Germany Leads Resurgence in Europe Stocks
Germany's benchmark Dax share index closed at a near five-year high on Thursday, near the end of a year in which European equities have outpaced global and US rivals for the first time since the depths of the global economic crisis.
The resurgence in equities shows how investors have re-rated euro zone break-up risks following a pledge by Mario Draghi, European Central Bank president, to safeguard the euro zone's integrity.
European stocks are up almost 4 percent so far this quarter, while US equities are down 2 percent, according to their respective benchmark indices. Over the year so far Europe has now cantered past the U.S., with more than a 15 percent total return on the MSCI index compared with less than 14 percent in the US.
The rally remained intact even after gloomy ECB growth forecasts released following the central bank's interest rate-setting meeting in Frankfurt.
"Equity investors see that the ECB is following a policy of cheap money to stabilize the currency union," says Jorg Kramer, chief economist at Commerzbank in Frankfurt. "That will also be positive for the growth outlook and Germany will outperform the euro zone."
Yet the trend has little to do with an improving euro zone economy – and many analysts also expect earnings-per-share figures for European companies to fall or at least stay flat next year.
Instead, the ECB's "outright monetary transactions" – or bond-buying – program, launched by Mr Draghi in September, has reassured investors a backstop was in place to shore up the euro zone if needed, even if the program has yet to be activated.
"The risk of some cataclysmic implosion has receded since the summer, and that is basically what has been driving stocks higher," says Bertie Thomson, senior fund manager at Aberdeen Asset Management. "Risk premiums have fallen sharply."
Mislav Matejka, European equity strategist at JPMorgan, adds: "It is not that there is likely to be much growth in the eurozone next year but that the stocks are undervalued compared with global peers, so they have some real catching up to do."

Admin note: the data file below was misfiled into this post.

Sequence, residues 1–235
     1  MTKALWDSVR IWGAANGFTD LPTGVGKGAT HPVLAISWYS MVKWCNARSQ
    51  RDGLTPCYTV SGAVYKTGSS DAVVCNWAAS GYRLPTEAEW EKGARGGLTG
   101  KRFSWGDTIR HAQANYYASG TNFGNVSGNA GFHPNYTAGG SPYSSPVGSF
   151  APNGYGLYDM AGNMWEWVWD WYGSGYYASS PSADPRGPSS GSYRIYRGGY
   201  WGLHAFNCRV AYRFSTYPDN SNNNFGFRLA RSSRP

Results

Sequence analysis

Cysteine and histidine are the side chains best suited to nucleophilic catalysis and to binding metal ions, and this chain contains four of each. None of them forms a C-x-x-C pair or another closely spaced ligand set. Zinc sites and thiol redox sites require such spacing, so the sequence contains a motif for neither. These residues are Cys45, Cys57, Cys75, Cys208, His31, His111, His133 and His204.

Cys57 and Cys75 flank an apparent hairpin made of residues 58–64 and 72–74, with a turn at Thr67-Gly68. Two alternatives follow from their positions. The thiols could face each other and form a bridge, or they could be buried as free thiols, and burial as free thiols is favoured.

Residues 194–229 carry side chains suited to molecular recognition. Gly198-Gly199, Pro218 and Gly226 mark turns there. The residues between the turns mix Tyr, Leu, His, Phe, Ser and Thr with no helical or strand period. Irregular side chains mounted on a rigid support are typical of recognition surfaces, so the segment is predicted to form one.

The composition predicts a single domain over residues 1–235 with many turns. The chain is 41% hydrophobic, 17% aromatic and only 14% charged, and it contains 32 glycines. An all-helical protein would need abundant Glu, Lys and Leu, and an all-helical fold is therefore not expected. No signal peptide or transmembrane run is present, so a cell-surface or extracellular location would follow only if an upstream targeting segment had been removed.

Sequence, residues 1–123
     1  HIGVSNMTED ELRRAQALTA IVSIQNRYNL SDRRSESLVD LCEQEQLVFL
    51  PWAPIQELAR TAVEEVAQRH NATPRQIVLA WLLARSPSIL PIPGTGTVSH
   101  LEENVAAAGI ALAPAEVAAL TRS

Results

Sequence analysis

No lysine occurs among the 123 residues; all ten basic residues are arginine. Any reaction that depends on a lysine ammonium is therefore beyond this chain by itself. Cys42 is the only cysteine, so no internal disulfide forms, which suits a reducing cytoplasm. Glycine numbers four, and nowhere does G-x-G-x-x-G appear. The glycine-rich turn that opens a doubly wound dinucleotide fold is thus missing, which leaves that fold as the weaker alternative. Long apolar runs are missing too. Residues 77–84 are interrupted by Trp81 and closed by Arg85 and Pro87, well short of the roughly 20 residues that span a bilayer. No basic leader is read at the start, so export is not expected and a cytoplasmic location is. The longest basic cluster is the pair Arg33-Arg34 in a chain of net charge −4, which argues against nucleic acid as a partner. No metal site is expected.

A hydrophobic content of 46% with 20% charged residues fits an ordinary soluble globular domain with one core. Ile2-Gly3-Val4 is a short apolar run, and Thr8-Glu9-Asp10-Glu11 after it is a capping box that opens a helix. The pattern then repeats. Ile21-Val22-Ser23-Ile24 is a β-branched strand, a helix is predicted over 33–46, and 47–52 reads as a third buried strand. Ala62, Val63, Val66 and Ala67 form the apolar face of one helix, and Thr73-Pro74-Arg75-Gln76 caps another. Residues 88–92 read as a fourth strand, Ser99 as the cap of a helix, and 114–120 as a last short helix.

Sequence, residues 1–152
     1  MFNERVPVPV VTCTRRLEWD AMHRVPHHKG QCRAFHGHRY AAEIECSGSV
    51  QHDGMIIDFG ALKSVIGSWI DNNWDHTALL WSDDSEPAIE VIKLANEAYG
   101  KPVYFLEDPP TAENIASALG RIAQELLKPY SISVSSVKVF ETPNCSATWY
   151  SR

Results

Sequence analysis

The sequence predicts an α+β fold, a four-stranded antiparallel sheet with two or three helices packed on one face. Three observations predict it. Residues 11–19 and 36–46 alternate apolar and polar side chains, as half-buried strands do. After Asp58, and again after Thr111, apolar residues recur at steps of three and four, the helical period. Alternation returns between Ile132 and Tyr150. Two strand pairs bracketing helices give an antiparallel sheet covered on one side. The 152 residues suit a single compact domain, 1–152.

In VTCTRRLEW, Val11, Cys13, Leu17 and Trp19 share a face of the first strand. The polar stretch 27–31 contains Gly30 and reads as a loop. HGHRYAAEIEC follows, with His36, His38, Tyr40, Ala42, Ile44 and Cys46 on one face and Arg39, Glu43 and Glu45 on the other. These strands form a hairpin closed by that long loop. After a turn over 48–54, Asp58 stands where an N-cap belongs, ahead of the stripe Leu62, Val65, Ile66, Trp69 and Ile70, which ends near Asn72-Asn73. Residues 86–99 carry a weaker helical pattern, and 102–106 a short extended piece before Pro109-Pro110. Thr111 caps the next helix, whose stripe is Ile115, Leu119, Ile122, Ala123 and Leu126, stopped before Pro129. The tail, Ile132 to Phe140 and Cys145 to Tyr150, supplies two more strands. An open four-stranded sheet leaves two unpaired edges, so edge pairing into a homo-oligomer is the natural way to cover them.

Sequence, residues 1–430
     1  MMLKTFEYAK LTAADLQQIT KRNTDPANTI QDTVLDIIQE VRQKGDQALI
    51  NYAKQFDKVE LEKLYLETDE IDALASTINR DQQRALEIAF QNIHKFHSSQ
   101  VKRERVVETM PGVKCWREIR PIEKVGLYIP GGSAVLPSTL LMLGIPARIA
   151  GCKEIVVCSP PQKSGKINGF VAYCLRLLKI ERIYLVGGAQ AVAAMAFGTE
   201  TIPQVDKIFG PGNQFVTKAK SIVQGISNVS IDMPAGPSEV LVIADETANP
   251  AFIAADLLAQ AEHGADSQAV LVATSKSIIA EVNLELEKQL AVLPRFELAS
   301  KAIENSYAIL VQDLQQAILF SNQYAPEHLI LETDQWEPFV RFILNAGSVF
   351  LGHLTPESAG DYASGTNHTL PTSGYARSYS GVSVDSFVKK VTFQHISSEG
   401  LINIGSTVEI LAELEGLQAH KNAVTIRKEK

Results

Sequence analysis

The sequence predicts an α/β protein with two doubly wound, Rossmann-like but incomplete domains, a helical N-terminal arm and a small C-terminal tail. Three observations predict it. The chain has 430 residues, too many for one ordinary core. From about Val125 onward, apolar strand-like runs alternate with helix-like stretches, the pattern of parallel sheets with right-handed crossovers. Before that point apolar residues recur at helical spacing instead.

At the start of the summer the ratio of the price to forward-looking earnings was just 8.4 for stocks on the MSCI Europe index compared with 11.3 on the comparable US index. But in recent months, following the ECB move, this ratio for European equities has risen by nearly 30 per cent to 10.8 times. The move has brought valuations more in line with US stocks, which have a ratio of 12.8 times.
In another sign that investors have become more sanguine, equity market volatility in Europe is at its lowest level in five years. The Vstoxx index, which measures market expectations for volatility, has been hovering at about 16 for the past week, its lowest level since 2007.
Some analysts see the outlook for euro zone equities as depending crucially on politics, given that growth in the eurozone economy is forecast to be tepid at best. "To repeat the summer's performance, we'll need another piece of good news on the politics," says Nick Nelson, global equity strategist at UBS.
Still, there are signs the rally in European equities has also been driven by hopes that the financial stability provided by the ECB and better prospects elsewhere in the world will eventually feed into the euro zone real economy.
Germany's Dax index, which has risen 28 per cent this year to its highest value since January 2008, is positioned to benefit most from improvements in the global economy, given its companies' exposure to export markets.
Mr Draghi, for his part, cited surging European share prices as a sign of financial confidence returning to Europe's monetary union. At his regular monthly press conference in Frankfurt, he also pointed to improvements in business confidence across the eurozone's main economies, although he stopped short of predicting a turnround in the region's weak growth prospects.
The ECB revised down significantly its forecasts for eurozone economic growth, saying it expected the pace of next year's contraction to be in a range with a midpoint of minus 0.3 per cent. In September, it had expected a 0.5 per cent expansion.
However, eurozone purchasing managers' indices this week suggested the worst of the eurozone recession was over, although they still pointed to a sharp economic contraction in the final three months of this year. Germany, meanwhile, on Thursday reported an unexpectedly steep 3.9 per cent rise in manufacturing orders in October compared with September.
Deutsche Bank this month advised investors to buy global cyclical stocks in Europe, forecasting that global growth of 3.5 per cent would drive shares higher in 2013. The bank tipped companies including SKF, the Swedish ball bearings maker, and BASF, the German chemicals company, as likely to be some of the best performing stocks next year.
In 2012 European financial and insurance stocks have been among the best performers, says Mr Nelson at UBS. "If the PMIs are right that the economy is at a turning point, it could be time to rotate out of financials and into some of the more economically cyclical parts of the market."